When I turned, from inside the train, to see my daughter—outside, standing alone—my feet became bricks of indecision. The doors chimed and began closing. A stranger jumped to pry them open, and I pulled her inside, smothering her small body to my chest. She didn’t even know our phone number.

Six years later, I am preparing Camille to ride the subway unaccompanied for the first time. Almost thirteen, she is the happy new owner of a cell phone. “You’re going to have to look for the stairs that say “Northbound’ on the way home,” I say, rehearsing the route she will take home alone.

The train rumbles in as we stand several feet behind the thickly painted yellow line that portends the sheer drop onto the tracks. I imagine the accident, the surprise violence that sends us, unprepared, over its edge. [Read more…]

Share If You Agree

black and white film image of a bowler hat suspended over a bed of tall daisies I have had it with the rage.

It might drive me off social media.

At first, I thought it might just be a problem of living in metropolitan Washington, D.C., where the strident opinions held by many are usually interlinked with what they do for a living. No such luck, though: I’ve been on trips to Mississippi, California, and Texas in the past couple of years, and it has been just as bad there, too.

This social pose has driven me crazy for the past eight years, the ongoing and incessant braying that has filled up my Facebook notifications, the “Honk if I’m Paying Your Mortgage” and “I’ll Keep My Guns and Religion, and You Can Keep the Change” memes, which also appear on bumper stickers that I have to follow on the Beltway. [Read more…]

Weddings, Women, Sweets, and Wishes

Still life of a white cake on a blue tablecloth, messy painting, warm colors. My heirloom cookbook was born during a Washington D.C. snowstorm in February of what was then called “The Year 2000,” in my final months of singlehood before I was to be married in July. That storm barely registers in the city’s memory now: it was neither the Blizzard of 1996, with its eight-foot-high snowbanks, 2003’s freak President’s Day storm, nor was it the incomparable Snowmageddon of 2010 (which I wrote about on Good Letters).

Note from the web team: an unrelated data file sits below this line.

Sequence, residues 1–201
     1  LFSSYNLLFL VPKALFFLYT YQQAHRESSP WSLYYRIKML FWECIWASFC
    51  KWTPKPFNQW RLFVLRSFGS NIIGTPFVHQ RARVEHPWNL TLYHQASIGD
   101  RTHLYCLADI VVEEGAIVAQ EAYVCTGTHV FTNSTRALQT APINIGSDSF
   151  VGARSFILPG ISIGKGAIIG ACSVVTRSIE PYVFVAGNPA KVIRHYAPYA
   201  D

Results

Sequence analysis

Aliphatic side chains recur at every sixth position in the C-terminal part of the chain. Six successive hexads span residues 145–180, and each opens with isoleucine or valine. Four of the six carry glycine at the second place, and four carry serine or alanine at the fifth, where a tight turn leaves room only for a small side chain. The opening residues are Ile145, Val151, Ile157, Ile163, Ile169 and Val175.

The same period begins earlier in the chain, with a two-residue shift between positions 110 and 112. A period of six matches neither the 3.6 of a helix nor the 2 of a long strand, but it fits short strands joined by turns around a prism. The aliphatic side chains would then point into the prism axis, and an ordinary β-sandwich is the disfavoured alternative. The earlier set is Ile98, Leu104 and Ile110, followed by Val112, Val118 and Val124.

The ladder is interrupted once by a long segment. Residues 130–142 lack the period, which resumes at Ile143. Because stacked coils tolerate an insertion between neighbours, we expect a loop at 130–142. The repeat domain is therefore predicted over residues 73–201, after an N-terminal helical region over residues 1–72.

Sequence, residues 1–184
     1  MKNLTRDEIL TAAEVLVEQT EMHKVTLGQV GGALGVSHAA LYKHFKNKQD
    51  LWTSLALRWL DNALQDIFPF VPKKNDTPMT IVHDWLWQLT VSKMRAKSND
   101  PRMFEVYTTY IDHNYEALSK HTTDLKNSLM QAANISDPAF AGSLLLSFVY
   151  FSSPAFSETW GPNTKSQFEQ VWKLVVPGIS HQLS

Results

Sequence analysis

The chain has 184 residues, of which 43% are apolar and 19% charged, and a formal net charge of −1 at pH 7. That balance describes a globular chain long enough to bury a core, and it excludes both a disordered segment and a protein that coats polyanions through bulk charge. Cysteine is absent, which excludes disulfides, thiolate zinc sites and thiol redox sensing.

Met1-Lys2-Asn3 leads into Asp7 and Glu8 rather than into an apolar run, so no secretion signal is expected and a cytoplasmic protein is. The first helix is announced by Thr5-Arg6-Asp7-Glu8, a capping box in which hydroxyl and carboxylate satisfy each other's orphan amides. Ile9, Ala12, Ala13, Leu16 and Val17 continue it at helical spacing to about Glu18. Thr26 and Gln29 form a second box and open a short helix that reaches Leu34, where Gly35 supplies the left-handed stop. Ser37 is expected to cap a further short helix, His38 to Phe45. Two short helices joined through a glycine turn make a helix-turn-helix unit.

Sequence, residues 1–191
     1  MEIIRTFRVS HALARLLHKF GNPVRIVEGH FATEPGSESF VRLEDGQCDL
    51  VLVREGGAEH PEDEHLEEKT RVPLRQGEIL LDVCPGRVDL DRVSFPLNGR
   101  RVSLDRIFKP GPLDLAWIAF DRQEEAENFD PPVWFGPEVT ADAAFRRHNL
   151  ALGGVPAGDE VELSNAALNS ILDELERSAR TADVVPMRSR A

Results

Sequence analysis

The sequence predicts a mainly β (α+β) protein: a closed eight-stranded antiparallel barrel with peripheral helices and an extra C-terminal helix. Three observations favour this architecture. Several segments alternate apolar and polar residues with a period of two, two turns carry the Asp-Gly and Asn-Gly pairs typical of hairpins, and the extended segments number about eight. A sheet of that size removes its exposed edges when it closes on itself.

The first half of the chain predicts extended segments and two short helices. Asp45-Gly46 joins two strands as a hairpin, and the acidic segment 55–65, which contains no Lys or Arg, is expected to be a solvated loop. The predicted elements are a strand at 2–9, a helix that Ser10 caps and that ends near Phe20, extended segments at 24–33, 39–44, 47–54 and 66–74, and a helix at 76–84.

However, the storm in 2000 was significant enough—knee-high drifts under a gunmetal sky and the threat of more on the way—that work was cancelled for two days, and my roommate Paula and I lounged around the apartment filled with snow-glare-white light, drinking wine, ordering pizza (somehow Domino’s still delivered), and watching the first season of Survivor with her boyfriend Johan, who had crashed at our place for the fun.

The second night we were housebound, Paula—a tall, raven-haired engineer originally from Bogotá—announced that she was going to bake a cake. Not just any cake—I, for one, was raised on Betty Crocker—but her Colombian grandmother’s homemade white cake. She went into the kitchen, and once she ascertained that, amazingly, we did have the many eggs and flour and baking powder and mountains of sweet cream butter required, began to separate eggs with the acumen she brought to technical drawing.

Paula beat a sweet yellow cake batter that, once it was poured carefully into floured cake pans, smelled high and sugary in the heat of the oven. The remaining egg whites she beat into thick stiff peaks, to which she added sugar until she’d beat a glossy meringue frosting—her grandmother Sophia’s treasured batido blanco—that held its shape when twirled with the back of a spoon. Once the layers were out of the oven and safely cooled, she sandwiched a layer of jam between them, and spread this thick luxuriant icing all across the top.

We ate. And we ate and we ate and we ate. I have had wonderful cakes in my time, but never one as purely delicious as this. It amazes me that the tight bodice of my ivory jacquard wedding dress still zipped up so easily at the next fitting, the skirt snug over foamy layers of tulle. [Read more…]